Writers Workshop: Pantoum

Poems that sway like a Malay palm

Poems that sway like a Malay palm

PANTOUM

A pantun is a traditional Malay form of quatrain-based poetry. Victor Hugo introduced it to France in 1829, calling it pantoum. The westernized pantoum descended from a specific form: pantun berkait, which repeats whole lines in an interlocking pattern. The second and fourth lines of any stanza become the first and third lines of the stanza that follows. In the pantoum's last stanza, the first and third lines of the opening stanza are finally repeated as the fourth and second lines. The order of those lines can be reversed, but ideally a pantoum will end with the poem's opening line, creating a kind of circle. Pantoums are not required to rhyme, but most do. They can vary from two stanzas to as many as you wish to write.

Composing a pantoum is a great writing warm-up. You first write a stanza of four lines. The pantoum will work best if the lines are fairly intact, evocative phrases of similar length or rhythm -- each expressing just one basic idea or image that can resonate in different ways when placed in a new context, as they will be throughout the poem. Most of your work in setting the tone and sense goes into laying this foundational stanza, because by the second stanza, you’ll see the poem start to take on a life and significance of its own, while you just follow along or nudge it into shape with an additional line here and there. Allow the wave-like quality of the form to carry you along. Be spontaneous. Allow for happy accidents and juxtapositions. Once you get to the end you’ll probably need to go back and edit a couple of lines to fit into the rhythm that’s developed. This form demonstrates the power of the line. If you have an old poem lying about that isn’t working, but some of the lines are keepers, or an orphaned line running through your head, start a pantoum with one of those lines. This works especially well for couplets that start to sound a bit sing-songy; the pantoum form aerates them – giving breathing space between the rhymes and finding depth in the repetitions. This also works in reverse, as your pantoum might generate one perfect line that starts a whole new piece. Writing a poem in any form is a challenge. Give it what you have today. There might be a glaring hole or clunky line that you know you need to come back to. Start a new project and go back to this one next week when you can hear the poem as a whole with fresh ears and respond accordingly. Getting started is as easy as copying and printing the form below. Stuck for a first line? Scroll down further for some ideas there. Make it rhyme ABAB and it will start writing itself after that.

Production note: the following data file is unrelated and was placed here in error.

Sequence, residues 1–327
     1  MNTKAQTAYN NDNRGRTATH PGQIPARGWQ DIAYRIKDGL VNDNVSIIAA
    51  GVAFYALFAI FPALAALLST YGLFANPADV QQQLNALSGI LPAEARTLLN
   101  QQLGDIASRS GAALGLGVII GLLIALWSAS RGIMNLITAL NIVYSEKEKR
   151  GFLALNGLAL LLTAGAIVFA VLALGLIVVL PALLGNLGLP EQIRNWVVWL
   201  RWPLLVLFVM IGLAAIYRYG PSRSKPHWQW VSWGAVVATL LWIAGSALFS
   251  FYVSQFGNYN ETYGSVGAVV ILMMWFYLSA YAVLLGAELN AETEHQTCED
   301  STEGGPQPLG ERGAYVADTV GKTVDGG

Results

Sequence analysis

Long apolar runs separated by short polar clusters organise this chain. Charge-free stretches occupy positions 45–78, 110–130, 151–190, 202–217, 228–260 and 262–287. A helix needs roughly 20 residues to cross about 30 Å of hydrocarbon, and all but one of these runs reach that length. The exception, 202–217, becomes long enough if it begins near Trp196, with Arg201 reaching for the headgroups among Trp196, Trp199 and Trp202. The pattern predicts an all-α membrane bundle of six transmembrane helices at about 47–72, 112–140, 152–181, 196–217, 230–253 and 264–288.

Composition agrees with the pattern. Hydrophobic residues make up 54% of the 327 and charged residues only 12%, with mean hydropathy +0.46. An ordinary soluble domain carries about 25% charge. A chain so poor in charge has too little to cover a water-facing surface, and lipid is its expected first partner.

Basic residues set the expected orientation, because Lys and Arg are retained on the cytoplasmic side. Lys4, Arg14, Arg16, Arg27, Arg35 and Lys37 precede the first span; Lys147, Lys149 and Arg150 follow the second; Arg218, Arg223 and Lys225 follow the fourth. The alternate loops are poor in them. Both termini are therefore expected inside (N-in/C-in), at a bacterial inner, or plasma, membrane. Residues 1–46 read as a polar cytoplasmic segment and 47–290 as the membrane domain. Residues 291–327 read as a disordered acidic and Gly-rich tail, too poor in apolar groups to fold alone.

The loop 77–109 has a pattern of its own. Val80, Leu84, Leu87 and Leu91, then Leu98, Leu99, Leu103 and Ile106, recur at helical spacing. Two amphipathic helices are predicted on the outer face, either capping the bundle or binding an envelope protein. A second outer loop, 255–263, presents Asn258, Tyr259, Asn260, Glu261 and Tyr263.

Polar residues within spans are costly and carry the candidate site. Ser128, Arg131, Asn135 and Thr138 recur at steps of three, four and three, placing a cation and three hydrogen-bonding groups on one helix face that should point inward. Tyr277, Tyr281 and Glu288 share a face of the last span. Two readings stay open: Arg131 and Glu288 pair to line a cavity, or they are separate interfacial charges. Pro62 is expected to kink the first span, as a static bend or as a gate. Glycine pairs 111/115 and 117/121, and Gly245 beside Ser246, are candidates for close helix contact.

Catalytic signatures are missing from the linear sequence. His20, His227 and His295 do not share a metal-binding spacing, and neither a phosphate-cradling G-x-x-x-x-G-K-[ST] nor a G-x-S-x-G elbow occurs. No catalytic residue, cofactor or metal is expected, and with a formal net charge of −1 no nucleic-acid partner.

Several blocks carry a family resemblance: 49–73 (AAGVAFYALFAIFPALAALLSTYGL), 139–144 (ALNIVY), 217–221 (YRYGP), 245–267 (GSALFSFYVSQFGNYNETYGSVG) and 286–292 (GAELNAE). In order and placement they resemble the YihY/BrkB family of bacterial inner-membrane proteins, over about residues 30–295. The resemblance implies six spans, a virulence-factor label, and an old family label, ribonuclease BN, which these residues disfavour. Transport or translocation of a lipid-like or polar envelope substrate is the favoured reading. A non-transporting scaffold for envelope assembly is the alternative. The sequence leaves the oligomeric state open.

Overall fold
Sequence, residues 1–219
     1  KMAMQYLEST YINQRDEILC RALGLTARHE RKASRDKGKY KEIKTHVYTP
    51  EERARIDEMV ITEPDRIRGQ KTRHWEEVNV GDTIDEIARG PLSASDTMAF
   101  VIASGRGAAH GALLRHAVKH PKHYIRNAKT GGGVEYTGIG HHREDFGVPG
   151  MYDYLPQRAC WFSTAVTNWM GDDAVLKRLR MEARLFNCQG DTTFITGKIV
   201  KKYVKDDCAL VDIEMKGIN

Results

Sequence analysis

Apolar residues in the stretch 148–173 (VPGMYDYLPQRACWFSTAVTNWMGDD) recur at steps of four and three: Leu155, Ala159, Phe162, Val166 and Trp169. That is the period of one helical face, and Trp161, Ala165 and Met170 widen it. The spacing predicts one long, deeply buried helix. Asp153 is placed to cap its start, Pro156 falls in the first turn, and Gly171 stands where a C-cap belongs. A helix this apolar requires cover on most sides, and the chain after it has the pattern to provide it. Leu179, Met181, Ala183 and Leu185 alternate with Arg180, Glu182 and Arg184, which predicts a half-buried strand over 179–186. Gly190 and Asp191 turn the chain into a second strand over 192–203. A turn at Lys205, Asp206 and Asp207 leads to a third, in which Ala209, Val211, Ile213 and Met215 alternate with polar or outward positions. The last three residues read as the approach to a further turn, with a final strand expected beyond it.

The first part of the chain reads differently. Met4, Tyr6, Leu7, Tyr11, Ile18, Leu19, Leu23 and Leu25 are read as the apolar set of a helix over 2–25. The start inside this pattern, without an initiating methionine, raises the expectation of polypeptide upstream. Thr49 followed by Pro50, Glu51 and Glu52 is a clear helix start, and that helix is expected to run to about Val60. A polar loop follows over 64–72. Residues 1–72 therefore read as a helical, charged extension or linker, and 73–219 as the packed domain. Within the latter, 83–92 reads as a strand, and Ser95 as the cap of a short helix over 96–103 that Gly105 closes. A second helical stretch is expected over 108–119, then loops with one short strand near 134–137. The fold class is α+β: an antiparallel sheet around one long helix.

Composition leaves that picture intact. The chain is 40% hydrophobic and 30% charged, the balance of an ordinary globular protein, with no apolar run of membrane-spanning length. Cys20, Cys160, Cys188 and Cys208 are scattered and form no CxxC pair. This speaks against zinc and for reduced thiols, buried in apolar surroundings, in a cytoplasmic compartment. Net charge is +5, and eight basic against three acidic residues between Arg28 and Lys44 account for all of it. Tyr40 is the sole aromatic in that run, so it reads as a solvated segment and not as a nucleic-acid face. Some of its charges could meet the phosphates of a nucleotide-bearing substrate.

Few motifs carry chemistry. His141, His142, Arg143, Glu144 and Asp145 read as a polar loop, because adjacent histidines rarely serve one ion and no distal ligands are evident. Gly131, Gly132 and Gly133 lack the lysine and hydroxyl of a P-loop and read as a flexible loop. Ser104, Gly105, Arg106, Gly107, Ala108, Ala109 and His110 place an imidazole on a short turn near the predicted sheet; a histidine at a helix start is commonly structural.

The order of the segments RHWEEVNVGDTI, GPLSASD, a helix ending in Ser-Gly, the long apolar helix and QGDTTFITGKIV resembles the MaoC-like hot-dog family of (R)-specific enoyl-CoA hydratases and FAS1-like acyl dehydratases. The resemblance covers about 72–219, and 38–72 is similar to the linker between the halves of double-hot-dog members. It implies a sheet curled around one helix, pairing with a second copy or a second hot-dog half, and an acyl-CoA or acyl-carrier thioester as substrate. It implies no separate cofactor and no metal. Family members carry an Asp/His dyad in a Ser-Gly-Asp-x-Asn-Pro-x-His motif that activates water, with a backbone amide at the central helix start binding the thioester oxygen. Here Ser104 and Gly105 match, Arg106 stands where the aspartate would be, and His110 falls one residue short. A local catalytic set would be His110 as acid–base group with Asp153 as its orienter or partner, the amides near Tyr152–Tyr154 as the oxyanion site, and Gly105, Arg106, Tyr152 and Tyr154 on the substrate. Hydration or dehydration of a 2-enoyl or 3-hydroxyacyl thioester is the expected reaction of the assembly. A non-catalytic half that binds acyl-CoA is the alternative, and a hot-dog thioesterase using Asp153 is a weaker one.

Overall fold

_________________________________________________________________ (Line 1)
_________________________________________________________________ (Line 2)
_________________________________________________________________ (Line 3)
_________________________________________________________________ (Line 4)

_________________________________________________________________ (Line 2)
_________________________________________________________________ (Line 5)
_________________________________________________________________ (Line 4)
_________________________________________________________________ (Line 6)

_________________________________________________________________ (Line 5)
_________________________________________________________________ (Line 7)
_________________________________________________________________ (Line 6)
_________________________________________________________________ (Line 8)

_________________________________________________________________ (Line 7)
_________________________________________________________________ (Line 3)
_________________________________________________________________ (Line 8)
_________________________________________________________________ (Line 1)

I find this a very meditative form. The wave-like structure encourages movement in place, like something caught in the tide just off shore. The water churns up deeper layers, but by definition you end up where you began. You swirl around a thought until you come to rest. If you have a phrase, mantra, or story that just won't let you go, maybe it's a pantoum.

When I introduced this form at church for a Lenten devotional writing class, I suggested starting with a biblical phrase...

Ideas for opening lines/ texts: 

“Dust you are and to dust you will return”/ Genesis 3

“Do not put the Lord your God to the test”/ Matthew 4

“[And afterward] I will pour out my spirit on all people”/ Joel 2

“This inheritance is kept in heaven for you”/ 1 Peter 1

“Revive us, and we will call on your name”/ Psalm 80

“You will be like a well-watered garden”/ Isaiah 58

“Work out your salvation with fear and trembling”/ Philippians 2

“It is written about me in the scroll”/ Hebrews 10

“He loved them to the end”/ John 13

“She has done a beautiful thing to me”/ Matthew 26

Give it a try! I’ll post the results of my writing exercise tomorrow, as well as a much finer example.

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